- April 30, 2020
- Posted by: Tanvir
- Category: Blogs
Software development is changing at a breakneck pace. If you don’t keep up, you are not really in the game. This is exactly why Agile is so widely popular and accepted by software developers- to catch up with the changes and customer demands as and when they come. While the Agile methodology focuses on adapting to changes via a continuous iteration of product development, DevOps focuses on collaboration and management of the end-to-end engineering processes. The DevOps market is estimated to grow from USD 2.9 billion in 2017 to USD 6.6 billion in 2022. That probably tells us that if you haven’t transitioned to DevOps yet, it is high time you do!
According to a survey, 97% of the organizations today practice the Agile methodology and around 90% say that DevOps transformation is on their agenda. In this article, let us discuss how to transition successfully from Agile to DevOps.
Often, organizations fail to understand the difference between Agile and DevOps and rely heavily on an ‘Agile-only’ approach to improve their deployment process. And while adopting the Agile culture- with regular scrums and standups, gathering continuous user feedback, and driving a working system independent of rigid documentation is great, it may not always be enough.
The Agile journey is most commonly cut short after the product is released. But what about business results? After investing heavily in nurturing cross-functional teams and tactical frameworks like a sprint, SAFe, and Scrum, Agile only ends up focusing on the software development part.
To actualize the merits of Agile- shorter SDLC, fewer bugs while offering efficiency across development, testing, operations, and implementations, DevOps could be the answer.
Scaling Product Development From Agile To DevOps: How to go about it
- Move from manual to automated processes
Agile’s focal point isn’t automation and this is exactly where DevOps is different. DevOps supports the Agile release cycle for quality while replacing anything that is manual. Hence, when you are scaling from Agile to DevOps, be ready to automate every process within or outside of the software development confines. From manual testing to deployment, manual handoffs to manually answering customer queries, start off by replacing the manual (and latency-laden) processes with automation.
- Cater to the slowest parts of the pipeline
To speed up the end-to-end engineering processes, it is critical to understand the bottlenecks in the flow of development and release. DevOps’ fascination with automation comes handy here and you should leverage it to automate the processes that have maximum choke ups. Sometimes, the slowest parts of the pipeline are human-dependent, and here’s where DevOps’ extensive process documentation for smooth knowledge transfer and proactive collaboration can be implemented for opening up the clogged elements in your pipeline.
- Opt for automation testing
This is obvious, but important enough to stress upon. Automation is important in Agile but not mandatory, whereas for DevOps, it is the primary goal. DevOps focuses on continuous testing, often known as test-driven development and delivery. It is important to understand that you have to opt for end-to-end automated testing, right from UI, to unit, acceptance, and regression, to achieve 100% code coverage via automation. This helps in addressing the gaps between development, testing, and operations.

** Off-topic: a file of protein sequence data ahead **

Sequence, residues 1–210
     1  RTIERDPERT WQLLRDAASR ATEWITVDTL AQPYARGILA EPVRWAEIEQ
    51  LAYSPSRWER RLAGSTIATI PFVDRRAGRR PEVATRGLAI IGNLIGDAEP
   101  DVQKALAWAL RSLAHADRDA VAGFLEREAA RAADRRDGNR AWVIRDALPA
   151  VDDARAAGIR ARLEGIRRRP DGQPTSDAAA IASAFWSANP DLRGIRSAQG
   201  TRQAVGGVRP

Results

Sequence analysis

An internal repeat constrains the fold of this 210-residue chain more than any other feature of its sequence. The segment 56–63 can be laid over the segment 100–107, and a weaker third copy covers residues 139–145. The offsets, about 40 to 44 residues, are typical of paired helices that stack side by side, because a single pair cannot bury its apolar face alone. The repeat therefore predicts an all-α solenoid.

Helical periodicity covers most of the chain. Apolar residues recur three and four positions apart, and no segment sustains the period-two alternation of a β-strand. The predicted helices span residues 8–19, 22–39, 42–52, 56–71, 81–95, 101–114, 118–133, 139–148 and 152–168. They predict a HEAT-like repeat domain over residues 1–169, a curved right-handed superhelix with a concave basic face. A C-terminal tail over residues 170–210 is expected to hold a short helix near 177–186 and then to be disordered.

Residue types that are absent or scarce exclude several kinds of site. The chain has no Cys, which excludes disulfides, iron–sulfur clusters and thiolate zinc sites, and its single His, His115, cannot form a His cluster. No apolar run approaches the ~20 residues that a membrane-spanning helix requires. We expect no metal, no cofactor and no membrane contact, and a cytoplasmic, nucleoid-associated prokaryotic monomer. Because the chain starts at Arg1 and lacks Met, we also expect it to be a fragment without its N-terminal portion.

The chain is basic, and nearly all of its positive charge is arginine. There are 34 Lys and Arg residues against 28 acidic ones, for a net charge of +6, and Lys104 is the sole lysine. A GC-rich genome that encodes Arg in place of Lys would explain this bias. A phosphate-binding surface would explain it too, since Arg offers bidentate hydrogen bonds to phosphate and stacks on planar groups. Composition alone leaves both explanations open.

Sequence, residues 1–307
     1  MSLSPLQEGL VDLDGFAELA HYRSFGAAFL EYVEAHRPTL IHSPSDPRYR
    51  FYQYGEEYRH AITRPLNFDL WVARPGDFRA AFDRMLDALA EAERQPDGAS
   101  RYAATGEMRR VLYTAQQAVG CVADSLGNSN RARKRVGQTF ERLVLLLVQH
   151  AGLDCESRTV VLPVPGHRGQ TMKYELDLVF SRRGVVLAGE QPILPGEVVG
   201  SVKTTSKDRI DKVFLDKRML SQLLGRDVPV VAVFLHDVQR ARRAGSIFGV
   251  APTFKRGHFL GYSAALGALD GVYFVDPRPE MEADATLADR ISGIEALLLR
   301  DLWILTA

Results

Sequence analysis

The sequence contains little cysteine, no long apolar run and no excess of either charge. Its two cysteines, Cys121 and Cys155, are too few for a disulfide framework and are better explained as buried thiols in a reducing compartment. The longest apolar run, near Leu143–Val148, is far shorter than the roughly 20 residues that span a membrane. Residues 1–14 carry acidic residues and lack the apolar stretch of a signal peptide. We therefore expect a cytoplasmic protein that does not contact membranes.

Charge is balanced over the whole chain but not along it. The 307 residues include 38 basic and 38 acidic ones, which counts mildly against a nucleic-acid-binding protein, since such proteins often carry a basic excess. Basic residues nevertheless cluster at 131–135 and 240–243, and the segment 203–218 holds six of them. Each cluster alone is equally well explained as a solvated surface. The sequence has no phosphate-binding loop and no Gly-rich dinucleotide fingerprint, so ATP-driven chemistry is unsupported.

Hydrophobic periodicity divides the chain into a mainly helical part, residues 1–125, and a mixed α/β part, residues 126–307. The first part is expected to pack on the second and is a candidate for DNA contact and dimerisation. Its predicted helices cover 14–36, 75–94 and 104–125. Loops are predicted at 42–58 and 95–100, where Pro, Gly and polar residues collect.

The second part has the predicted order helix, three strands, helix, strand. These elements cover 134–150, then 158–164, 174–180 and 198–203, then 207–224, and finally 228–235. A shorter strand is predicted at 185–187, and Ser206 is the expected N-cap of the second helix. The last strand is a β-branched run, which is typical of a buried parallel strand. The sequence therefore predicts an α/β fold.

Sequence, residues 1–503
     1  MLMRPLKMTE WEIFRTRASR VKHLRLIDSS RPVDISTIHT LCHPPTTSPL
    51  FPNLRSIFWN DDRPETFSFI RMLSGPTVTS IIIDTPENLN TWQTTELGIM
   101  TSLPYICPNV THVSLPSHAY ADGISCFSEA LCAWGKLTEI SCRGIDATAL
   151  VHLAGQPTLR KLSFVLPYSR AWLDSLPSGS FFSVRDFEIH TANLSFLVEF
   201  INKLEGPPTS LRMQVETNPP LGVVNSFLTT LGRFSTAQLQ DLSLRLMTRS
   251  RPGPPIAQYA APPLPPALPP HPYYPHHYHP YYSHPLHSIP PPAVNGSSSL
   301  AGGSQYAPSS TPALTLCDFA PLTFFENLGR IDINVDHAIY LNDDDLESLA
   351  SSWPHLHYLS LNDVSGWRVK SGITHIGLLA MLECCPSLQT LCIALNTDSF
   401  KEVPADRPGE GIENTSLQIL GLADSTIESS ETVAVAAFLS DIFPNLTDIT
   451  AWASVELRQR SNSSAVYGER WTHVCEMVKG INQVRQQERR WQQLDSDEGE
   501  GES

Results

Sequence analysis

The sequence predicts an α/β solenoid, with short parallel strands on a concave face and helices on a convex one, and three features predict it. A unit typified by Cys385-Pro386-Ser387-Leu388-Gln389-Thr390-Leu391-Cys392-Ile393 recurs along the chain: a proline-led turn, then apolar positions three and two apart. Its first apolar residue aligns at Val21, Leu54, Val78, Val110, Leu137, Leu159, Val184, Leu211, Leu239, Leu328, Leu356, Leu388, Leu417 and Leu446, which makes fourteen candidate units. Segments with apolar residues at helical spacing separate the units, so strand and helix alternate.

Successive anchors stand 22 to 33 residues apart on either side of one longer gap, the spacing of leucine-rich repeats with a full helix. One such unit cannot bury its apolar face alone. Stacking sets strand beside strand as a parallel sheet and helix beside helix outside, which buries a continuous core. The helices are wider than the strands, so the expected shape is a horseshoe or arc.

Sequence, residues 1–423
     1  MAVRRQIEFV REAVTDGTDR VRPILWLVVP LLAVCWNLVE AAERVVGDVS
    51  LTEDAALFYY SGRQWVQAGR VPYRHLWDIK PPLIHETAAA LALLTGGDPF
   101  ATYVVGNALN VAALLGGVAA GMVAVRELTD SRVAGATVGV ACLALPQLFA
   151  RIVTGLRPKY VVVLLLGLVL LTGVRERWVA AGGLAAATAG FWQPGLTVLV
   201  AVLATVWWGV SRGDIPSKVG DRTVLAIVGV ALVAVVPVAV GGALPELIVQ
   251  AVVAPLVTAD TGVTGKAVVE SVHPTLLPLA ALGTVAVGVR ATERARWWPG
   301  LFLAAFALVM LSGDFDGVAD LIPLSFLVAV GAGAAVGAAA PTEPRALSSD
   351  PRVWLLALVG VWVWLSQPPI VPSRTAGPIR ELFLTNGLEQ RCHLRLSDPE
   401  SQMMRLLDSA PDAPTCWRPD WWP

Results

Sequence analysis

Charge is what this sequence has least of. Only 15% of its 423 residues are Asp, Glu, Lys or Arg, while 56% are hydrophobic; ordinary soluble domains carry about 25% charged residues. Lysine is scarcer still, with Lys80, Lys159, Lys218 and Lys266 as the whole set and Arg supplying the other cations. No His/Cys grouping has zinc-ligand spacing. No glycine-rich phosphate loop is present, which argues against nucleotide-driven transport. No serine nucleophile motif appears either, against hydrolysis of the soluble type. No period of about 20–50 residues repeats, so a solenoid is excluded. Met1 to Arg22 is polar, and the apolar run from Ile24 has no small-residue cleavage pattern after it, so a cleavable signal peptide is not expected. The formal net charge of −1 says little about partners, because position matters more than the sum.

It is recommended to standardize the testing environment, automating pre-testing tasks, cleanups, and post-testing tasks to ensure it is aligned with continuous integration.
- Avoid rework by initiating quality control from the start
DevOps stresses on automation and early bug removal to ensure quality control from the beginning of the development process. And this is a cultural change, in retrospect. If you want to successfully scale product development from Agile to DevOps, your developers need to adhere to coding and architectural best practices that are critical to maintaining quality standards. DevOps strikes the right balance between speed and risk and hence the DevOps teams should ensure that architectural changes do not create risks to the entire project. Daily production and delivery using DevOps further help in avoiding rework of large code pieces.
- CI and CD
Continuous integration, continuous delivery, in fact, continuous everything is the soul of DevOps. DevOps helps in accelerated processes without going haywire. The continuous customer/user feedback generation and continuous integration of the same in the product helps the developers to understand what the customers actually want. This can help in determining, shortlisting, and building the features and capabilities that customers would actually end up using. Continuous monitoring of customer feedback is essentially what holds it all together and the reward is improved customer satisfaction!
- Track the right metrics
Any scaling activity is only as good as the numbers it delivers. But it is critical to track the right metrics for understanding the status, success, or failure of any implementation. This also provides room for further improvement. Instead of sticking to the typical metrics such as the number of lines of codes, the number of bugs or percentage of completion, focus on tracking the lead time, the frequency of deployment, and the time taken for redemption, that is, correcting the bugs.
Ultimately, do not forget to track and evaluate metrics such as business value, simplicity, end-to-end implementation of the requirement, and customer acceptance.
- Get started…
Scaling Product Development From Agile To DevOps, can seem overwhelming. But just like the change from conventional waterfall-dominated processes to full-blown Agile acceptance, it can be executed with the help of expert stakeholders and the right partnerships with domain experts.